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Then the Lord spoke to Moses and Aaron, “Because you did not believe Me, to hallow Me in the eyes of the children of Israel, therefore you shall not bring this assembly into the land which I have given them.” (Numbers 20:12)

Bible students have long struggled with how the consequences of Moses’ actions fit the crime. In other words, comparing his sin with that of the congregation, many of whom went into the land, it is a bit puzzling. The famous Jewish commentator Ramban said, “The matter is a great secret of the mysteries of the Torah.” Another rabbinic commentator said, his sin was that the people saw his anger as a reflection of God. Then there is the view proposed by Rashi, yet another oft quoted sage, who said it was simply that he struck the rock instead of speaking to it as commanded. It is quite possible, maybe likely, that all of these views are accurate.

There is still another view that merits our attention which is is hinted at by the phrase “in their eyes.” One interpretation of the Hebrew wording implies that Moses was to speak to the rock in such a way that the people would see something rather than merely know it. In other words, their understanding of the experience would go beyond the normal limitations of human perception. They would “see” something very spiritual in the natural occurrence and, consequently, their lack of belief would be transformed into great belief allowing them, as a nation, to rise to new heights. However, according to this particular theory, even though the water flowed, Moses had failed to allow for this understanding when he struck the rock.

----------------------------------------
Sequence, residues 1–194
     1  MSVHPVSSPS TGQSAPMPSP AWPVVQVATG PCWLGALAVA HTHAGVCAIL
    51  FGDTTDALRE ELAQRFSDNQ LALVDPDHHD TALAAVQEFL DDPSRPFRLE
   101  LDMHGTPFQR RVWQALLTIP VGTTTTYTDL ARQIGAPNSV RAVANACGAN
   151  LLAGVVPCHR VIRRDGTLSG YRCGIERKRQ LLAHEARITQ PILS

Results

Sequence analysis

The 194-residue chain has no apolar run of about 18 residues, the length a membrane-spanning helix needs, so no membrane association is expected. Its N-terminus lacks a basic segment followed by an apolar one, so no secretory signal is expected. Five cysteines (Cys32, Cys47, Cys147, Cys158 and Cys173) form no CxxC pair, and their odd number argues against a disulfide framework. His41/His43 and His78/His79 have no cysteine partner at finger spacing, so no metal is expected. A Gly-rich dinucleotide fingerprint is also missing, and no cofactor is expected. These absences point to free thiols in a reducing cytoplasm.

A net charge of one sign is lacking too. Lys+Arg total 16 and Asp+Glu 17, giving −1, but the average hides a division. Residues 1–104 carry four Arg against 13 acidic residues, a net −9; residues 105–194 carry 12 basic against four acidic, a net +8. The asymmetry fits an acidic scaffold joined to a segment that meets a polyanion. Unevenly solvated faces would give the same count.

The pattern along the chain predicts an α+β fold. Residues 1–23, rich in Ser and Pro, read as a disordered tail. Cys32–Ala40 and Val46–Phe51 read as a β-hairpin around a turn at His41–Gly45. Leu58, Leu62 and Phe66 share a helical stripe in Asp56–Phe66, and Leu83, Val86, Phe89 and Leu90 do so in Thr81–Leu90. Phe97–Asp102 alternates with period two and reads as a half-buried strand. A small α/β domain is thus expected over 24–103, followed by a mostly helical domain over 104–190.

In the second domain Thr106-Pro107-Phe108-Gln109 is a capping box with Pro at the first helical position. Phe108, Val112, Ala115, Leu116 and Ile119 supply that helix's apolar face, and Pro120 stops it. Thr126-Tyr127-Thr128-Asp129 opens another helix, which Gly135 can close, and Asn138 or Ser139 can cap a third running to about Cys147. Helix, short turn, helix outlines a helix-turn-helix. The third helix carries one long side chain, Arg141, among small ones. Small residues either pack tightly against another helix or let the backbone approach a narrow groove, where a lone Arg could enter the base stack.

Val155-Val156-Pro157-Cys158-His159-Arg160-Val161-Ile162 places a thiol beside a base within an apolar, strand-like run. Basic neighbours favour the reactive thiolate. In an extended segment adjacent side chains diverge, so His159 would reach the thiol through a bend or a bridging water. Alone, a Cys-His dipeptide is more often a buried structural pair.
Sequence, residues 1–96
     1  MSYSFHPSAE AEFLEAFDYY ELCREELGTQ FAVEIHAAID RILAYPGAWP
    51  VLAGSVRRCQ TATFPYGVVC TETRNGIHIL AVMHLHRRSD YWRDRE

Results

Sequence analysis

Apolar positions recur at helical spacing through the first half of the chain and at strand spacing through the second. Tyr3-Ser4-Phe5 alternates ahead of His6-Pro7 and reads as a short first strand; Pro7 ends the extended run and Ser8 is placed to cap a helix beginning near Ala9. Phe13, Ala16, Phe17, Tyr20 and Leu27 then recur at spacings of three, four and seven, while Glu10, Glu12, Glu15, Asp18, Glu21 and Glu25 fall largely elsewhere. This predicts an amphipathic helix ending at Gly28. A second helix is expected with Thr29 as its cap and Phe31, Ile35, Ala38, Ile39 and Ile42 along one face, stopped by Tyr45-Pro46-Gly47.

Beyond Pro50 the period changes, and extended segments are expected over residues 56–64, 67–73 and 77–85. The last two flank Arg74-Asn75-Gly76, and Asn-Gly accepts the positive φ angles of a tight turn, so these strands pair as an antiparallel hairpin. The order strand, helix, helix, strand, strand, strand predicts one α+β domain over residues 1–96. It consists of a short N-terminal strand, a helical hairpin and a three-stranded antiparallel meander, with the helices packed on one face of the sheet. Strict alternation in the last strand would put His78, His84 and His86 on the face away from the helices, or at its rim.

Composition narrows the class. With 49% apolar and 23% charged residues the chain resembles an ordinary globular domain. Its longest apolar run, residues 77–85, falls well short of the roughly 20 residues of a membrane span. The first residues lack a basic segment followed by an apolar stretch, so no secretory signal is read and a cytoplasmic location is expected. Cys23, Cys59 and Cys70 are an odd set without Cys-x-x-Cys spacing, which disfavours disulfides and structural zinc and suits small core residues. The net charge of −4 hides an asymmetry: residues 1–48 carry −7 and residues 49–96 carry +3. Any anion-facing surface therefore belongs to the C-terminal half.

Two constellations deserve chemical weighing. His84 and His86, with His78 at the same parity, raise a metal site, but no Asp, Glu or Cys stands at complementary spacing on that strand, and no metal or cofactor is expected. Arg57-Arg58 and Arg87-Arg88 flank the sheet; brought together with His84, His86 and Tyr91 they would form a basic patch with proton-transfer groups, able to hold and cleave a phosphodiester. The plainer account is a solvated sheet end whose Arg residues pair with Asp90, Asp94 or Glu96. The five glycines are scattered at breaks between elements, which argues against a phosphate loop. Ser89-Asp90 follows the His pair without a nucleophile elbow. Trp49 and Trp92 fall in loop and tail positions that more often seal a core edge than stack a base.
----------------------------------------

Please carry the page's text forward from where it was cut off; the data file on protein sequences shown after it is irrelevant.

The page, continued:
So what does all of that mean? Well, if we consider that Messiah is the Rock, as Paul plainly says He is, then He was struck twice instead of just once. He was supposed to be bruised and battered and hung upon the tree but only once. Because Moses struck the rock a second time — if this interpretation is correct — as a consequence, the people could not perceive what they were to see — the Messiah. They didn’t see and, to a large degree, still can’t see the Messiah as their source and savior. Thus we learn how important it is that we walk in complete obedience; our failure to do so, not only carries negative consequences for us, but can have a negative impact on others — and for many years.

If that is so, then it is also true that our obedience and faithfulness to God can have the same affect in a positive way. What we do today has a beneficial impact on our children, grandchildren and beyond. We’re not just looking out for ourselves by walking upright before God but, by His Spirit and power, we are exhibiting a proper example for future generations. Think about that as you go through your day and are presented with opportunity to be a light. It just might be that, through your actions, others will “see” the Messiah and be transformed into a new creation.

Blessings and Shalom,  




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